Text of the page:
Tuesday Newspapers: PM apologizes, counter-protesters arrested, cold snap continues | New

Media speculate that Prime Minister Sanna Marin could face a political backlash over missed coronavirus exposure notices.

Prime Minister Sanna Marin during a press briefing on October 15. Image: Silja Viitala / Yle

Prime Minister Sanna Marin (SDP) was at the center of a media storm after it emerged she had been clubbing with friends in central Helsinki on Saturday night and missed two messages warning her about close contact with d ‘others after possibly having been exposed to the coronavirus.

On Saturday it was announced that the Finnish Foreign Minister Pekka haavisto (Green) had contracted the Covid, was asymptomatic and was working remotely.

“This information is in line with THL’s general guidelines for citizens, so I have not questioned it,” Marin said.

Late on Saturday evening, government officials who had met with Haavisto received two text messages telling them to avoid contact with other people until they were tested for the virus.

Prime Minister Marin, however, did not carry his official cabinet phone number with him, although members of the government were ordered to have it on hand at all times.

Marin continued to party with her husband and friends late into the night at a nightclub in Helsinki.

Marin told Iltalehti that she did not receive any updated information until Sunday. She was then tested. She also pointed out that everyone in her party and in the nightclub had valid Covid passes indicating vaccination status.

The Prime Minister admitted that she could have acted with more caution.

“I should have shown better judgment and also checked the instructions I received twice. I’m sorry I didn’t understand to do this,” Prime Minister Marin concluded.

A costly mistake?

As Yläjärvi points out, Marin’s handling of the pandemic has already drawn criticism. Add to that the fact that the Finns have always wanted a leader who plays by the rules – and leaving your official phone at home was just a catastrophic mistake.

She points out that by going out to socialize, Marin, being fully vaccinated and having no symptoms, did nothing that thousands of other Finns don’t do every day.

“We citizens have every right to demand that the Prime Minister set an example. But what we demand of Marin – and of ourselves – is in the long run quite unsustainable. To always be in crisis, always to do even more for safety, always to be on the alert. It is as if Sanna Marin is showing almost openly that she is tired, that she does not have the strength to be the leader that Finland should have. Almost like she meant ‘fuck it up’ and do something else, “Yläjärvi writes.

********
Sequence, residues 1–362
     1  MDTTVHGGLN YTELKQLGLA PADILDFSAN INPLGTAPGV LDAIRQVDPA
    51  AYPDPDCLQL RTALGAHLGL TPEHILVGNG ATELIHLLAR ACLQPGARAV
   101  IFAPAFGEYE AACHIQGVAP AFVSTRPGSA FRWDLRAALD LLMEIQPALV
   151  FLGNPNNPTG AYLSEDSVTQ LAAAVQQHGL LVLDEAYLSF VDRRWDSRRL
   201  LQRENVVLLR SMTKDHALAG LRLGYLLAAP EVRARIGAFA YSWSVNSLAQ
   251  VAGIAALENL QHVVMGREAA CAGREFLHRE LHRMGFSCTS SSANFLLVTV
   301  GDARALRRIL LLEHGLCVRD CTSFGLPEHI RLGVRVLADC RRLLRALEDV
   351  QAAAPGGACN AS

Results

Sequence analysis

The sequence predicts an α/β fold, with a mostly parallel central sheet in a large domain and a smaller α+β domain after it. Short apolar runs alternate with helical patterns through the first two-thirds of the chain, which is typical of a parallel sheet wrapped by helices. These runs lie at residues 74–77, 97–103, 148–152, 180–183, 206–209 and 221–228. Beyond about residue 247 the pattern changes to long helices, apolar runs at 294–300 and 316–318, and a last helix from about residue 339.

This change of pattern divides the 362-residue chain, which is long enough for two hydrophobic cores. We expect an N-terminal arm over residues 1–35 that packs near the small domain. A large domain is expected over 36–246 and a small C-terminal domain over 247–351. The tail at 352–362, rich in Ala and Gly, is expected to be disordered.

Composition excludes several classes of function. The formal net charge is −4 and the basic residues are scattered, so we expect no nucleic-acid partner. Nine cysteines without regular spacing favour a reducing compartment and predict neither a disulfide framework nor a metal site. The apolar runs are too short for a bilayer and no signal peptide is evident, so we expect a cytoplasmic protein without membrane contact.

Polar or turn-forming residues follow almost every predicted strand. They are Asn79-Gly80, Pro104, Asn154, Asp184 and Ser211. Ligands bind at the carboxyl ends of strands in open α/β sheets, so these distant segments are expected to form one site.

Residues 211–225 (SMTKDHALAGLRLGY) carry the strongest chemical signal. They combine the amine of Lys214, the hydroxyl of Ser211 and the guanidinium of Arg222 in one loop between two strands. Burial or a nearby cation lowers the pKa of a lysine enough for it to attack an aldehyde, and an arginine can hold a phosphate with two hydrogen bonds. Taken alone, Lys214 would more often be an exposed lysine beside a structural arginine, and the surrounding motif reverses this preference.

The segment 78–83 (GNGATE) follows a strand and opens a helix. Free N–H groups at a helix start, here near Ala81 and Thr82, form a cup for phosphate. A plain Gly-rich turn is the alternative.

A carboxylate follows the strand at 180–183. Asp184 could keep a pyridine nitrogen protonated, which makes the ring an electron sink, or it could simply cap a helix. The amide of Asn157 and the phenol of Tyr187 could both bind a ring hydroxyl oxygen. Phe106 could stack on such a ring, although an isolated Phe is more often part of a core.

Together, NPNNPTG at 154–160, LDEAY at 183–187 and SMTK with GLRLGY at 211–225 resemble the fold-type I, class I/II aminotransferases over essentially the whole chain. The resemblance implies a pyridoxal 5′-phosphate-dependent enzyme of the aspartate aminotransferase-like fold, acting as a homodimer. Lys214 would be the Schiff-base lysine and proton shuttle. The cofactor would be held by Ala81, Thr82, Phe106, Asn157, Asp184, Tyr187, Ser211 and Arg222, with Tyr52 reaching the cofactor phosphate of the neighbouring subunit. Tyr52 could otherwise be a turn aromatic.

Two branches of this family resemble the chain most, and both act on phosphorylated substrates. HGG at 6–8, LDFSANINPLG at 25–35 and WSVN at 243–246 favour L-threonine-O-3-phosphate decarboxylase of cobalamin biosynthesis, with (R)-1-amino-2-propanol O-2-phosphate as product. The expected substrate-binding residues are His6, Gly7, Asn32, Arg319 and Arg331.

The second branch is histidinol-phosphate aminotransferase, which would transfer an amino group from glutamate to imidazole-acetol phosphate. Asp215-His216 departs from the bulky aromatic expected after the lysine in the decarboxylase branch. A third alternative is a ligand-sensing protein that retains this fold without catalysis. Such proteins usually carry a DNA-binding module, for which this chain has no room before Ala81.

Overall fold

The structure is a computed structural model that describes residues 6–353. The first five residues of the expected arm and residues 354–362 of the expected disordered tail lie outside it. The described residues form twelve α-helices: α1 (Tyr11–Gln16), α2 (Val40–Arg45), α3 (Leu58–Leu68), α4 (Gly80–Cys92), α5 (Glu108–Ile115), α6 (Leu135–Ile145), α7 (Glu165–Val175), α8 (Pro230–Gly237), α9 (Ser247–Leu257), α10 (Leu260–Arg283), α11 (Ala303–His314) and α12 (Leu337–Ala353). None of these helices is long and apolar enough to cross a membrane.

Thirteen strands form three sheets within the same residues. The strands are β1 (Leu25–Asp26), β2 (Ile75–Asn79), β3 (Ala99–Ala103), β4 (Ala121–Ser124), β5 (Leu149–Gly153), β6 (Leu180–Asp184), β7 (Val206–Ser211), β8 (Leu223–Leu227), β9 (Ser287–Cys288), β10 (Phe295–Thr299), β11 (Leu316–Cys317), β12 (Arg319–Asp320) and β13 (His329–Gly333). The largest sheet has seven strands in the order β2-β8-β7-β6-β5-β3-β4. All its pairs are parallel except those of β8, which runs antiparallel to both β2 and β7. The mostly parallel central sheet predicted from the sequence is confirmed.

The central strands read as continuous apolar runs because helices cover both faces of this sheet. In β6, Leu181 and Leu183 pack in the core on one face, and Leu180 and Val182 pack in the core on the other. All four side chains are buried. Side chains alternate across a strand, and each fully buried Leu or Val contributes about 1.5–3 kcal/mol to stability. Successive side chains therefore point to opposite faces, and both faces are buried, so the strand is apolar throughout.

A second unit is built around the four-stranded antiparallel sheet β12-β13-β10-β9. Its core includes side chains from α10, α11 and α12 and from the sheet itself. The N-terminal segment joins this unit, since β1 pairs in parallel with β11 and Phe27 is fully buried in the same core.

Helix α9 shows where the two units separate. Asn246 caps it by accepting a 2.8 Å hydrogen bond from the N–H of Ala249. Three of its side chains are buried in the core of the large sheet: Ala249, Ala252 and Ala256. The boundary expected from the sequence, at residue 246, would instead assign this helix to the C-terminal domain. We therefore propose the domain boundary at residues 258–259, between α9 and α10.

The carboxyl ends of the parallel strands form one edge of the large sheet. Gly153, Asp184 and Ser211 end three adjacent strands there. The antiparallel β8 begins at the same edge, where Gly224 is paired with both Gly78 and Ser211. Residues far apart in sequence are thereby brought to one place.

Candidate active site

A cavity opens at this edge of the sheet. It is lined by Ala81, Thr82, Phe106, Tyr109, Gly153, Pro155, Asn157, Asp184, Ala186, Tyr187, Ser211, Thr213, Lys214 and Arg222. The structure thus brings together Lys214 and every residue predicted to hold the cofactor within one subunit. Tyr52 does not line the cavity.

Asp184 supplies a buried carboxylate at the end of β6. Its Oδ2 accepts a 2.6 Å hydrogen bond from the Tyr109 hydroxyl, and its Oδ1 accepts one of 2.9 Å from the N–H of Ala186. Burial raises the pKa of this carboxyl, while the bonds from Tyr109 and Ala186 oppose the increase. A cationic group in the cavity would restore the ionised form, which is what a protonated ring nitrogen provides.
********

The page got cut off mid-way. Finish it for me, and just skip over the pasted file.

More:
But it is a luxury that politicians do not have, especially not the Prime Minister.

The editor-in-chief of Hufvudstadsbladet predicts that the next few days could be difficult for Marin.

Protests lead to arrests

Helsingin Sanomat (siirryt toiseen palveluun) was among newspapers reporting that police arrested 21 people in Helsinki on Monday. Among them, 19 were detained for violent counter-demonstrations against the “Helsinki without Nazis” march.

However, a police spokesperson told Helsingin Sanomat that the organizer of the “Helsinki without Nazis” march is now suspected of having broken laws on public gatherings.

Although a route for the march was agreed with police, the march stopped in the early evening on Runeberginkatu to prevent the far-right torchlight procession 612 from advancing down the same street. Traffic on the street was stopped in both directions.

The “Helsinki without Nazis” march attracted around 1,500 participants. According to the organizers of the event, the purpose of the procession was to show that “there is no place for the far right in the streets” of the capital.

Electricity prices skyrocket

Tuesday’s average price is projected at 469 per megawatt hour, which is significantly more than in many other European countries.

Cold temperatures and the low availability of wind and hydro power combined to drive up prices.

Households with electricity contracts tied to the exchange price of electricity will see this reflected in the billing.

Masks and abandoned animals

The local Helsinki newspaper Helsingin Uutiset (siirryt toiseen palveluun) tells the story of Hertta, a cairn terrier who caught and swallowed a face mask, a bedbug thrown along a jogging track, causing her severe pain and costing her owner 1,800 euros in veterinary fees.

The newspaper reports that Helsinki University Veterinary Hospital says it has seen several similar incidents, as have private veterinary clinics.

Some dogs, like Hertta, have required major surgery to remove the discarded face masks. In some cases, they have been successfully eliminated by induced vomiting.

A blockage caused by a foreign object is not in itself a rare diagnosis for dogs, which are known to swallow socks and toys, but discarded face masks are now an added concern for owners.

The cold continues

Independence Day was celebrated in cold conditions all over Finland. The lowest reading this winter, -35.2 degrees Celsius, was measured in Muonio in Lapland on Monday morning.

Lapland will continue to see temperatures of at least -20 to -30 degrees for the next few days.

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